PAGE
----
Contributed by RedNickD
Greek journalist Sokratis Giolias, age 37, was shot to death in front of his Athens home on Monday morning. Giolias was the news editor at Thema 89.9, a private radio station in Athens, and of a tabloid called Proto Thema. He also wrote for a blog called Troktiko, which was famous for writing about scandals in the Greek government.
Giolias was lured outside of his home by men disguised as security officers. They told him that someone was stealing his car. He was shot at least 15 times once he was outside. At least two or three people had carried out the attack. A burned car, originally reported stolen, was found near the scene of the incident.
Police had originally ruled out the possibility of the attack being the work of leftist militants, but this changed as the investigation continued.
“Examination of 16 nine-millimetre Parabellum cartridges found on the scene of today’s homicide … shows they were fired by two weapons used in the activities of the Revolutionary Sect group,” the police said in a statement.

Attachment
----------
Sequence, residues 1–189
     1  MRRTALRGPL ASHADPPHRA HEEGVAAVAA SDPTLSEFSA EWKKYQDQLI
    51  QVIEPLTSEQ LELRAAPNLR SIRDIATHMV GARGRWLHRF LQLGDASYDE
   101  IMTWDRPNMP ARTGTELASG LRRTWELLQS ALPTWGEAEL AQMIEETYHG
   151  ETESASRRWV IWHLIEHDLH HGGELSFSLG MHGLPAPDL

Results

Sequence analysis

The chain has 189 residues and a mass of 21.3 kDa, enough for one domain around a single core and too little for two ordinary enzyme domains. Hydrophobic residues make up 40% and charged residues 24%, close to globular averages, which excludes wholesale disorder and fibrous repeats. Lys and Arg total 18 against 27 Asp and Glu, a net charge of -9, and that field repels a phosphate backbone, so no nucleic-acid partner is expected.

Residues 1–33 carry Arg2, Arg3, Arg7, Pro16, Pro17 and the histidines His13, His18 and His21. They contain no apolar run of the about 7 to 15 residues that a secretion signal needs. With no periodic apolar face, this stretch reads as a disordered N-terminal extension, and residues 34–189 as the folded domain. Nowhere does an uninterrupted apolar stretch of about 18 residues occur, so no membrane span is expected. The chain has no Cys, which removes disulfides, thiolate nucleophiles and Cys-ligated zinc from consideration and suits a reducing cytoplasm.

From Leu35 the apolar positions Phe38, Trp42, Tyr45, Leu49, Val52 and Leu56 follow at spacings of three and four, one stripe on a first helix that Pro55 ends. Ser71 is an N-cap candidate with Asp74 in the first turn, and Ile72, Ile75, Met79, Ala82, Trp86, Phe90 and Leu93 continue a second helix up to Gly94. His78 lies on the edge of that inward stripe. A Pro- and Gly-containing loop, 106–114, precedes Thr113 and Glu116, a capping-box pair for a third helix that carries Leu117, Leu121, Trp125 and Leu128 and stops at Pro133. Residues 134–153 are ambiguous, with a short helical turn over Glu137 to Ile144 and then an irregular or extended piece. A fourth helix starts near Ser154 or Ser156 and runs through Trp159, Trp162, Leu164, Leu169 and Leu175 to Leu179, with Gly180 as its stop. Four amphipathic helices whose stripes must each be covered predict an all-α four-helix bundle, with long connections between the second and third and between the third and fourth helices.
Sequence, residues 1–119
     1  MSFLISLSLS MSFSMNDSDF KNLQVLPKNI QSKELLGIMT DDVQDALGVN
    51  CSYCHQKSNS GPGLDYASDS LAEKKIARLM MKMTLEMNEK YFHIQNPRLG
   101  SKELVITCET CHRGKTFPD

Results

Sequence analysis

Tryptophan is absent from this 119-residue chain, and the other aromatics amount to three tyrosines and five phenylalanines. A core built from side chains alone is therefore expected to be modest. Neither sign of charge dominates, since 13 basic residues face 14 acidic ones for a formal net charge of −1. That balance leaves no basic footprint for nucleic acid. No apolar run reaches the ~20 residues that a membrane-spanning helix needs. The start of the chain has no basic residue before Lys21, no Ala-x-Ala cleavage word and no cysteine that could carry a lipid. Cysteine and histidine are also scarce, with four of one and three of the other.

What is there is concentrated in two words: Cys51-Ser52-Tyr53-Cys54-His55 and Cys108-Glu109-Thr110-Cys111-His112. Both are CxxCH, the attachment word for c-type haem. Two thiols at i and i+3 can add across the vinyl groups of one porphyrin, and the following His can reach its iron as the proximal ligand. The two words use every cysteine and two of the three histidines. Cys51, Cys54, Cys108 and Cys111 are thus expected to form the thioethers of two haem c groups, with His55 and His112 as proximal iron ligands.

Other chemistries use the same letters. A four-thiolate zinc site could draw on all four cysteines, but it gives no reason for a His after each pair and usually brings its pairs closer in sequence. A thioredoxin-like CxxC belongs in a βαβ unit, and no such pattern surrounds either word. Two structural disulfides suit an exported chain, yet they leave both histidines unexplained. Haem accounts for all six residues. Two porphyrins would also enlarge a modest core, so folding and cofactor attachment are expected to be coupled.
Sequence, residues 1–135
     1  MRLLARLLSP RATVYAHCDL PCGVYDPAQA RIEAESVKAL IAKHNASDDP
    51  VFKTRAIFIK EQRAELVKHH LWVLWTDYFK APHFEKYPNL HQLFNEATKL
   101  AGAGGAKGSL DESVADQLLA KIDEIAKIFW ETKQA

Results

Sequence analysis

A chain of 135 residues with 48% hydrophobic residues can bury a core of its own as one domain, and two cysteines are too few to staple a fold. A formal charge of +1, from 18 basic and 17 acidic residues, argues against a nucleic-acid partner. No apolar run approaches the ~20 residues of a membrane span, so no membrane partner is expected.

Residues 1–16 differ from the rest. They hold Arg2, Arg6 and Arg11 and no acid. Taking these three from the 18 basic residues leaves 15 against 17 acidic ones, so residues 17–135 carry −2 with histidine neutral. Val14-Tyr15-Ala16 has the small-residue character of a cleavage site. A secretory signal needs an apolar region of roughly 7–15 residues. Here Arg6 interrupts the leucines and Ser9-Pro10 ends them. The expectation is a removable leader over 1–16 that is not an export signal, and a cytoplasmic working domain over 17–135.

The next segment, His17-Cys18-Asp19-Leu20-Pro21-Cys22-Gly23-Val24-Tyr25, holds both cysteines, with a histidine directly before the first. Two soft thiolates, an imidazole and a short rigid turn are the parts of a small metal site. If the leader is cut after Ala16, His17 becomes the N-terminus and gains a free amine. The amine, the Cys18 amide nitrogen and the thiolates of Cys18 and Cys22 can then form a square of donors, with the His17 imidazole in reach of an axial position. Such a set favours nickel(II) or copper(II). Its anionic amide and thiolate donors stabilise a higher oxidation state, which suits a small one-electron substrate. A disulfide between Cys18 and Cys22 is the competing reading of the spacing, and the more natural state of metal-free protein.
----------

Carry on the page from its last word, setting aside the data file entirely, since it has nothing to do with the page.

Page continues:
The Revolutionary Sect, also translated from Greek as Sect of Revolutionaries or Rebel Sect, is one of the leftist militant groups that emerged from the 2008 riots after Greek police murdered a 15 year old. The Sect of Revolutionaries is known for a few attacks on police and one on Alter TV. The rebel organization was thought to be inactive since it hasn’t carried out an attack in 13 months.
A BBC correspondent stated that the journalist was killed by contract killers, and an article on Proto Thema also mentions this possibility. It said that the methodology used was closer to that of hitmen than left-wing militants. Given the fact that weapons used in killings often circulate through the underground, this is very possible.
No group has claimed responsibility for the shooting. Given the history of the Sect of Revolutionaries, they will release an official statement within the next few days if they are indeed responsible. We must avoid jumping to conclusions and immediately pointing fingers. It is hard to understand why a group that has been inactive for over a year would suddenly reemerge and shoot someone. We must also question why the group would adopt the methods of contract killers instead of its usual methods. Were they really “disguised” as security officials? Perhaps the killing was a set up by the police who didn’t like what Giolias was reporting, and they used the name of the Sect of Revolutionaries because it would be easy to get away with it given the groups’ inactivity.